Design anarchy

Design anarchy

The Michel Berger Hotel in Berlin was built to be different. In reading the property’s story about developing a unique hotel, the passion is obvious. The following words are pulled right from the hotel’s website:

“Inside we packed it up with as much Berlin vibes and love as possible and outside there is lots to explore. 119 Rooms in an old factory building, built for Austrian carpenters, Swedish models, English rockstars, Japanese businessmen, German racing car drivers and American dudes.

From friends for friends.

Sincerely yours, the Michelberger Intergalactic Explorers.”

This place is bold. It’s audacious. It oozes vibrancy and interconnectivity with its surroundings. You get an immediate sense that something unique will happen to you, and with you, when you stay at the Michel Berger Hotel. It’s unlike any hotel I have ever seen.

And I have never been there.

In my last post, I talked about 2011 being the year of design. After writing the article, I wanted to find a hotel that had REALLY stretched its creative legs. The search was frustrating. While so many hotels and designers have built sites that are functionally solid, few were bold enough to really stand apart. Safe seemed to win more often than brave. 
The Michel Berger Hotel’s website breaks just about every rule I and others have published about hotel website design. Safe was never an option. The calls to action are hard to find. Most users will be confused, or overwhelmed, by the general presentation. Some of the most interesting content is hidden within the primary interactive graphics floating through space. Photography was not professionally done. Every staff member is featured on the site regardless of their role.   

But for all of its design anarchy, the website is able to effectively communicate the hotel’s core sustainable advantages. The site was built to appeal ONLY to the hotel’s target audience. Design for the target, not for the masses. I have shown the site to more than 100 people now. Predictably, experienced business travelers think it’s a disaster. Gen X and Y travelers looking for something different unanimously love the presentation.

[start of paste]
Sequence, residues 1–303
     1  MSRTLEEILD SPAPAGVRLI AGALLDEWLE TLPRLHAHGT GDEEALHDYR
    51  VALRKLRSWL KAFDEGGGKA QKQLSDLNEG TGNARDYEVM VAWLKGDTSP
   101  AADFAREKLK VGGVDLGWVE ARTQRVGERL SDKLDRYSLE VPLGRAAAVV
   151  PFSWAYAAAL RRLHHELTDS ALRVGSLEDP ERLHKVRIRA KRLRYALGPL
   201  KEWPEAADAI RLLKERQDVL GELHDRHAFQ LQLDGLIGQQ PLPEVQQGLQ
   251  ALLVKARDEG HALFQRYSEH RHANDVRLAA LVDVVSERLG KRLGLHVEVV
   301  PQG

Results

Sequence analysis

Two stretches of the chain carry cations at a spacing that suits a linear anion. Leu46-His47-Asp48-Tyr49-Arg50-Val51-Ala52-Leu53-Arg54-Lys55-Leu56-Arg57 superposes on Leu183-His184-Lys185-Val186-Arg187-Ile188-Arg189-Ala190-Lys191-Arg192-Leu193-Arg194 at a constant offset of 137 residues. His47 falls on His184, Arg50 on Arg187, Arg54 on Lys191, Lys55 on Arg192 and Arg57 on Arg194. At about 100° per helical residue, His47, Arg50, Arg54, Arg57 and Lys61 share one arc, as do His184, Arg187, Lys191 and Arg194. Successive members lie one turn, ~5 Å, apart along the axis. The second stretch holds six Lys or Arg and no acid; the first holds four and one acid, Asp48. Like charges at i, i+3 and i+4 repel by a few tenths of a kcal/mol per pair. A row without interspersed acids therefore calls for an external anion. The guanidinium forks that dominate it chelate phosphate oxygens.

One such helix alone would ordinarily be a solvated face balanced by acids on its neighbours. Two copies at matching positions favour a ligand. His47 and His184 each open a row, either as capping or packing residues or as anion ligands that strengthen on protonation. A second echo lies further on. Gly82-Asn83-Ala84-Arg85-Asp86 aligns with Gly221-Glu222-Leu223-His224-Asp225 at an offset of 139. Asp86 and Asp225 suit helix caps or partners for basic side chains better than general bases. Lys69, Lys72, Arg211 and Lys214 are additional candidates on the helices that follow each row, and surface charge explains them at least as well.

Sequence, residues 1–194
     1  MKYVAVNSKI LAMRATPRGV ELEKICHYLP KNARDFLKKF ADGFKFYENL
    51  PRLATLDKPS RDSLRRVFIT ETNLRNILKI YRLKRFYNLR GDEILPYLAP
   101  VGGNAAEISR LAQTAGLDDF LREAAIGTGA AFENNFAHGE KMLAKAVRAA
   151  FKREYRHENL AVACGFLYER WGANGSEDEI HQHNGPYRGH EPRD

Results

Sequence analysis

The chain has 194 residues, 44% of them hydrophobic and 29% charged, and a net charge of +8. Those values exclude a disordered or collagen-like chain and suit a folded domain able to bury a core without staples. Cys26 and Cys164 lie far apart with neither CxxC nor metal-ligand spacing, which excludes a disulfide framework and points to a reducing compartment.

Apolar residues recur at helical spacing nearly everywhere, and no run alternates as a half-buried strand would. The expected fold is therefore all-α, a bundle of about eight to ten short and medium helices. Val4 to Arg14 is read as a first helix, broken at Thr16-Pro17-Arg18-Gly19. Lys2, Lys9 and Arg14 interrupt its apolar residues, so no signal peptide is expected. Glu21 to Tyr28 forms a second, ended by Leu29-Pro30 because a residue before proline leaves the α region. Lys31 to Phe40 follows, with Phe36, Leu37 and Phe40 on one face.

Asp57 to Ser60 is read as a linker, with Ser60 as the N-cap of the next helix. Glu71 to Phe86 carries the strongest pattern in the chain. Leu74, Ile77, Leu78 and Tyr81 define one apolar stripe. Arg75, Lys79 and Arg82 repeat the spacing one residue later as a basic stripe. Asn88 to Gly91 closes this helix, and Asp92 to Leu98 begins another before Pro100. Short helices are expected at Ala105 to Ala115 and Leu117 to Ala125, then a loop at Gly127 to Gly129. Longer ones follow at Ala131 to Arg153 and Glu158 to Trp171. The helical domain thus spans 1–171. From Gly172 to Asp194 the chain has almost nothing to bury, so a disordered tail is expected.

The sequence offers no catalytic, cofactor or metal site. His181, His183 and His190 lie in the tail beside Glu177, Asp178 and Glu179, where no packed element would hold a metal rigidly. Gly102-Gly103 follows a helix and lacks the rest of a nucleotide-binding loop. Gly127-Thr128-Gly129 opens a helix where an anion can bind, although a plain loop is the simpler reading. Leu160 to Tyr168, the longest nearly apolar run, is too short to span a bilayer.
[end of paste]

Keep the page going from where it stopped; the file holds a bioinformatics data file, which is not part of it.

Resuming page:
In response to my previous post, Wendy Quesinberry wrote: 

“Thank you for a great article! A dilemma that designers face is that many hoteliers want to look like every other hotel website. I have heard this phrase uttered on more than one occasion: “But it doesn’t look like a (hotel/restaurant/travel) site.” It’s less about asking your designer to stretch their creativity and more about letting go of the fear of being different.”

I never advocate designing something different just to be novel. But as the Michel Berger Hotel website demonstrates, there are infinite ways to effectively communicate your brand pillars in a unique way. You don’t have to be a Gen Y independent hotel in Europe to build a website that makes brave choices. And those choices don’t have to be made at the expense of basic usability and bookability.

Here is a link to winners of this year’s WebAwards in the hospitality space. Each website is well done and deserves praise. That said, if you were to replace the photography, copy and logo on many of the sites, couldn’t it be used for another hotel or resort? Could the same ever be said about the Michel Berger Hotel website? Food for thought.